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Tacos and Insanity: A Spicy Interview with Infected Mushroom


There are some men who will go to the ends of the multiverse… for a taco. I am such a man, and after long questing for the top-of-the-line tacqueria, the crème de la crème of carne-asada-filled comestibles, I have found the Santo Grial. This is the quintessential Mexican sandwich, a fresh hand-made tortilla, filled with pork, slow-roasted to melt-in-your mouth perfection and a full mélange of minced vegetable complements. It took years of blind trial and error with sketchy stands and hole-in-the-walls, thousands of empty Corona calories to wash away failure and many, many ruined nights on the toilet to find this fare, but these setbacks made it all the more savory. Indeed, it has been a long and strange trip, which seems altogether fitting considering it was Duvdev of Infected Mushrom who directed me to this eatery.

Our intentions were to have the entire album be representative of our favorite spots for food, but unfortunately the idea was foiled by evildoers…

My search was realized at Taqueria Franc, an unassuming Tijuana joint that conveyed its age through time-accumulated wall grime, poorly masked by fading Pepsi logos. Yet, something about it exuded undeniable charm, a sense of authenticity and entitlement that superseded any fault my middle-class American sensibilities could point out. In some ways, the same could be applied to Infected Mushroom (aka Amit “Duvdev” Duvdevani and Erez Eisen), the Israeli duo who has stood at the forefront of the electronic music paradigm for over a decade. Emerging onto the scene in the late ‘90s, they began receiving critical acclaim with their debut The Gathering, carrying the seeds of Psy-Trance from underground to mainstream acceptance. Six albums, 13 EPs and countless sold-out shows later, the group is still an active node in the EDM consciousness, firing off dark, atmospheric, head-banging genre-marrying hits. Most recently, the group released “Pink Nightmares,” the first track off their upcoming studio effort carrying the same name, sure to rouse any sleeping soul into a fit of manic, fist-pumping night sweats.

But surely, you must be wondering, what of the tacos? Suffice to say, they are legend. They are the Platonic ideal of a taco from which all others imperfectly reflect. However, what makes them so delectable isn’t necessarily the ingredients nor how they are prepared. Rather, it seems to be the rare combination of hardened experience, unmatched talent and unapologetic genuineness that makes Franc’s and Infected Mushroom so unrivaled.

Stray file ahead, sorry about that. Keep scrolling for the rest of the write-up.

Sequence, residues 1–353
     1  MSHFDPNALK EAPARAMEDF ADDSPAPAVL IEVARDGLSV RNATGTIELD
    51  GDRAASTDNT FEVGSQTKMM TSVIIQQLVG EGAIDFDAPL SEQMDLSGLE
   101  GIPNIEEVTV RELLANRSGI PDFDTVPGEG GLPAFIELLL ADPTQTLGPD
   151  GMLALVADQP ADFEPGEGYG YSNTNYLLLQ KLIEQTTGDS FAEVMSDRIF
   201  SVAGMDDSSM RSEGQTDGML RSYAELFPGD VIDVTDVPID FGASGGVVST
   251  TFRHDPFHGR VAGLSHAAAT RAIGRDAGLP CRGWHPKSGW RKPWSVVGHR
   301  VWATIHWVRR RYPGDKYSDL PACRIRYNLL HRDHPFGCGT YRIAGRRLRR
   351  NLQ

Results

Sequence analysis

You have a steadily growing family. How has that been?
We love our families. We both have wives and children, and we think about them constantly. In fact, Erez’s wife is training to be a chef—so he’s a lucky one.

You have even mentioned that if you weren’t working in the music industry, you would be operating a restaurant featuring your favorite street cuisine from around the world. What kind of foods are you talking about? Would mushrooms be featured in your dishes?
Wow, you’re observant! We do love to eat good food. There are a number of excellent spots around the world, but our favorite has to be Francs in Mexico (we named a song after this spot)—this is an excellent taco joint. We do not have any pictures of Francs but there is a video floating around of us eating there.

Legend of the Black Shawarma was supposedly intended to catalogue your favorite restaurants. When trying to create songs like “Poquito Mas,” did you utilize the popular “Baja Taco Stand”—inspired fare as a basis for your produced sounds, or were you just eating their shrimp/fish tacos and burritos while making the track?
Yes, guilty as charged! Our intentions were to have the entire album be representative of our favorite spots for food, but unfortunately the idea was foiled by evildoers such as “Project 100” and our remix of “Riders on the Storm.” I hope you can make exceptions for these nasty tunes.

The fact of the matter is this: electronic dance music has permeated our planet. It has unified the globe because it transcends culture. It is self-expression, it is love, it is a means to let go of everything that holds humanity back.

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Aside from your dining experiences, what else influences your music?
We have been motivated by a mix of rock music, like Korn, Metallica and Primus, and of course electronic artists such as Depeche Mode, Pendulum and Skrillex. But what really motivates us is seeing the dancefloor go mental. This is our vision when we create electronic dance music.

The idea of “going mental” is really reflected in a lot of your songs such as “Psycho” and “Becoming Insane.” How do you define madness?